Doe Run Company’s primary smelter in Herculaneum will be closing by agreement with the Environmental Protection Agency. North America’s leading lead producer also agreed to spend over $65 million to correct violations of environmental law, and an additional $7 million in civil penalties.
Doe Run agreed to a consent decree from the EPA in order to resolve violations of the Clean Air Act, Clean Water Act, Resource Conservation and Recovery Act, Emergency Planning and Community Right-to-Act, and Comprehensive Environmental Response, Compensation, and Liability Act.
“The closure was really a result of increasing standards and an aging facility,” said Tammy Stankey, Doe Run’s senior communications liaison.
Lead air emission levels were not the issue from the 100-year-old smelter, but sulfur dioxide levels would have been costly to control.
“It would have been an astronomical amount of money. It wasn’t a close call, the decision to close the smelter,” said Stankey.
The settlement regarding issues at the Herculaneum smelter was also reached, in part, due to the risk of potential litigation, according to Doe Run’s vice president of legal, Mark Wohl.
The closing of the Herculaneum smelter will annually reduce air emissions by at least 101,000 tons of carbon dioxide, 42,000 tons of sulfur dioxide, 30 tons of lead, 23 tons of particulate matter, 22 tons of carbon monoxide, 13.5 tons of nitrogen oxides, and 2.5 tons of volatile organic chemicals, according to the EPA.
Doe Run believes that it is lead oxide that comes from lead paint that is actually the risk for people’s health and the environment, Wohl said. He stated that Doe Run has worked to decrease the percent of lead in chat and tailing, and lessen the environmental impact.
“We’ve cleaned up homes and yards beyond EPA requirements. We only found high levels of lead in one yard,” he said.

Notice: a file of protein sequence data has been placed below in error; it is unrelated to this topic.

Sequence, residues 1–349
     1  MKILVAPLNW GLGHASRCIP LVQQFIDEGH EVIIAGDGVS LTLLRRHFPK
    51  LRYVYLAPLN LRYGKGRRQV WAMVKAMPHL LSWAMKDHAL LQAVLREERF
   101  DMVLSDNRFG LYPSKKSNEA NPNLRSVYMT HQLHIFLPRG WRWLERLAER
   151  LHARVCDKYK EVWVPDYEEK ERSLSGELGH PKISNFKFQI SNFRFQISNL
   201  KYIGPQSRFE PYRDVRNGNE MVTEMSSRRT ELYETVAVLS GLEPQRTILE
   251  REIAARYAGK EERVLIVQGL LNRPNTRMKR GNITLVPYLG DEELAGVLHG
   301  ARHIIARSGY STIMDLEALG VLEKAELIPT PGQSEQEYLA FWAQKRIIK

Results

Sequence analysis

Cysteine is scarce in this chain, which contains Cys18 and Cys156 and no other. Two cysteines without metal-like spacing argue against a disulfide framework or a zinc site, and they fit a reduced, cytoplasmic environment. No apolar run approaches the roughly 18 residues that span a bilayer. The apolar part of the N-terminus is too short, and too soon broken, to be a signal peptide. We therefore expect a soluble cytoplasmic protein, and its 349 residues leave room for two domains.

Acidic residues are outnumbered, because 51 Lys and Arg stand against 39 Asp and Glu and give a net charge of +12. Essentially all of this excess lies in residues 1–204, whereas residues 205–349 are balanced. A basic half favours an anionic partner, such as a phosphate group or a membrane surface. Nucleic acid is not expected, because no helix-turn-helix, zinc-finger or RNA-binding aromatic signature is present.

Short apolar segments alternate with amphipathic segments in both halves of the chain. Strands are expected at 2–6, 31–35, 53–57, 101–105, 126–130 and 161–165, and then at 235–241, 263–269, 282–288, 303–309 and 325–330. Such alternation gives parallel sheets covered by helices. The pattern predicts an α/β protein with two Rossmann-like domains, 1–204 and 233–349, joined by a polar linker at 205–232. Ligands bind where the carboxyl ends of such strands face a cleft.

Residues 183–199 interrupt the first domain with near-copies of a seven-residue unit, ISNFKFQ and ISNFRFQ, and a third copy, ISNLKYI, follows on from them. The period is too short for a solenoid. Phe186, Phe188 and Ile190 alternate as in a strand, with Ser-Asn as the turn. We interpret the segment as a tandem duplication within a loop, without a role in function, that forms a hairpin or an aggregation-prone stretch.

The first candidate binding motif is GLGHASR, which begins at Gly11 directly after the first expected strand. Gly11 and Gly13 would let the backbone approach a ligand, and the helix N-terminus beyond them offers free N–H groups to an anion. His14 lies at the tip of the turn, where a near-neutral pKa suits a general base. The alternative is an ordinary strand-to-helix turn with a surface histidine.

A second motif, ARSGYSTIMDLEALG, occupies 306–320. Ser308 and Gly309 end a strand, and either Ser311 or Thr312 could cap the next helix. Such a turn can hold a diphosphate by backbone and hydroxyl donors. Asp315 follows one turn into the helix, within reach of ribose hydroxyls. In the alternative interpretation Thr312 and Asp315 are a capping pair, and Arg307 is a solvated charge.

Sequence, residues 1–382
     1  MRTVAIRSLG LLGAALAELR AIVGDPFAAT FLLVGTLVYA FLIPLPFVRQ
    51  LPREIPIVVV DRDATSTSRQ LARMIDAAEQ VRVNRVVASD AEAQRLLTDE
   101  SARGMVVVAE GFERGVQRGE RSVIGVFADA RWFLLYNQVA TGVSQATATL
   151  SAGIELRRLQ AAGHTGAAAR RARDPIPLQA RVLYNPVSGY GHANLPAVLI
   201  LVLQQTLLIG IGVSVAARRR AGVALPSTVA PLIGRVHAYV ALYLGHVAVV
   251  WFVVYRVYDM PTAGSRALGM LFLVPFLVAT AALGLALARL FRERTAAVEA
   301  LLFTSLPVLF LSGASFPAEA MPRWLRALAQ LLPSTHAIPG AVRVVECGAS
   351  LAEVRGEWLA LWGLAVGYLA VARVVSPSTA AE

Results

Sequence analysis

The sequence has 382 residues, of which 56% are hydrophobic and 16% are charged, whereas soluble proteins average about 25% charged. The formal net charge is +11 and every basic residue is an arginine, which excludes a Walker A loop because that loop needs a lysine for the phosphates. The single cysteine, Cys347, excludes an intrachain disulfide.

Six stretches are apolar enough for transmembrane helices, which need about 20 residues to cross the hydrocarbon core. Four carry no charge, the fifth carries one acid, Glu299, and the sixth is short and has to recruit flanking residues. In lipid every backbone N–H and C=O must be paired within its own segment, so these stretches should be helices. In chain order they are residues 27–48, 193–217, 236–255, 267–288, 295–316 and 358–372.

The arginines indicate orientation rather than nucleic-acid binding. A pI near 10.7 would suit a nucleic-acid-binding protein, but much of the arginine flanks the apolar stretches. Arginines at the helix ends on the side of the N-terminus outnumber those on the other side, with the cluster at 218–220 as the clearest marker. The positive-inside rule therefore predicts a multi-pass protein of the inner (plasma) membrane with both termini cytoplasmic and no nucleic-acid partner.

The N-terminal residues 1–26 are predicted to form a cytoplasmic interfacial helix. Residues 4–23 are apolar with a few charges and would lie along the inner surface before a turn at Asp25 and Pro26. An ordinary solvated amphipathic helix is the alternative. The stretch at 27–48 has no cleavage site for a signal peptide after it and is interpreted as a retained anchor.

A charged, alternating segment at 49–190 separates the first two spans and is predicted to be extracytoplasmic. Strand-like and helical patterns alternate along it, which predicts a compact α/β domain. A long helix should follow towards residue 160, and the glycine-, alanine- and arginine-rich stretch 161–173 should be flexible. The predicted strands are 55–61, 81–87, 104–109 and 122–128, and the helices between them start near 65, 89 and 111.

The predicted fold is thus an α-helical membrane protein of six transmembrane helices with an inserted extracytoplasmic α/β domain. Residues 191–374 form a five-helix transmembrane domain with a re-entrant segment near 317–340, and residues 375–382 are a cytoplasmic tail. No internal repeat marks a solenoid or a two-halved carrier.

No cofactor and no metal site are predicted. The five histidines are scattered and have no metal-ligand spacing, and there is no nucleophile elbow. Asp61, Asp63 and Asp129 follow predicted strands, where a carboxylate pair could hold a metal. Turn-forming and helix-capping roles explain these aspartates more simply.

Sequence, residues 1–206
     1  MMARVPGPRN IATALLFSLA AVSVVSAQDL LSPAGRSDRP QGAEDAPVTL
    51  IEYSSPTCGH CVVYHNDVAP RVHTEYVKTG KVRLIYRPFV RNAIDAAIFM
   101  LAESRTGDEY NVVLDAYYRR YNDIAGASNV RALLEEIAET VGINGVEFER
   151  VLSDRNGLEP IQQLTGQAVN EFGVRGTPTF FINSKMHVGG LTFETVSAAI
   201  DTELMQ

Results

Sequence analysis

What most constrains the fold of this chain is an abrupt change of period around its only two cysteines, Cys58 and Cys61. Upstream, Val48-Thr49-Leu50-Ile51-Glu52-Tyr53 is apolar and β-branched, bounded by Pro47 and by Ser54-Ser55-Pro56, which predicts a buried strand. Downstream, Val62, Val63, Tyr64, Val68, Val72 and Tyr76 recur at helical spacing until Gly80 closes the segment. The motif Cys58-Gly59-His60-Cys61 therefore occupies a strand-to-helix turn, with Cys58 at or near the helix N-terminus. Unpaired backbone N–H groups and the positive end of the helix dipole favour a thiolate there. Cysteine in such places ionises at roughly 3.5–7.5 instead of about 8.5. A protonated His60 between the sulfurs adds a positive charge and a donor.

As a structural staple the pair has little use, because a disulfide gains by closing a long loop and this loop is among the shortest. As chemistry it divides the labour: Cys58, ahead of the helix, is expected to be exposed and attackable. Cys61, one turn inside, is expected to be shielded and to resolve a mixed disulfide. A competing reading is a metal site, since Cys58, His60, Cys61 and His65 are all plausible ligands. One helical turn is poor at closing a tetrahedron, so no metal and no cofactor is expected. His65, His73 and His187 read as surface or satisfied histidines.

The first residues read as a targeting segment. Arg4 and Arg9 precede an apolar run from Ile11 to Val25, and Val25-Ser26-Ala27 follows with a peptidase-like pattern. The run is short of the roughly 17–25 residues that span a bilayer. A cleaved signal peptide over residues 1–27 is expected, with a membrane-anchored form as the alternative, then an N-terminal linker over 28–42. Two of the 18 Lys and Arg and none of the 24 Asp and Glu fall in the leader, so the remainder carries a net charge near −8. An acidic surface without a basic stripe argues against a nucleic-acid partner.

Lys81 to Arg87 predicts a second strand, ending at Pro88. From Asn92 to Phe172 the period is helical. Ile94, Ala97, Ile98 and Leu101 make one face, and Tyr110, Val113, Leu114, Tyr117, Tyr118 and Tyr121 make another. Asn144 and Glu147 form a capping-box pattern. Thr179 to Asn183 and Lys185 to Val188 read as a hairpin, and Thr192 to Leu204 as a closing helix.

The EPA settlement requires Doe Run continue to checking yards and homes within one and a half miles of the smelter over the next five years. Wohl stated that routine environmental checks were already company policy.
“We're working hard to do our fair share of remediation work in Missouri, and are committed to working in a responsible manner,” Wohl said in a released statement.
Even after the closing of the Herculaneum facility Doe Run faced potential closure due to costly litigation. HB 650 put in place protections and limitations of compensatory rewards for lead mining companies. It sweepingly passed the House and Senate, only to be overridden by Governor Jay Nixon July 12.
The veto was overridden by the legislature Sept. 11.
"We are pleased that the majority of Missouri's legislators supported a responsible approach that allows companies like ourselves to conduct remediation of former mine sites under approved plans, without fear of unreasonable litigation,” Wohl’s release stated.
Doe Run will continue to invest millions annually in remediation, lead clean up, and environmentally friendly technology, Wohl said.
The EPA has placed limitation on the amount of finished primary lead for the remainder of the 2013 year, before production ceases Dec. 31.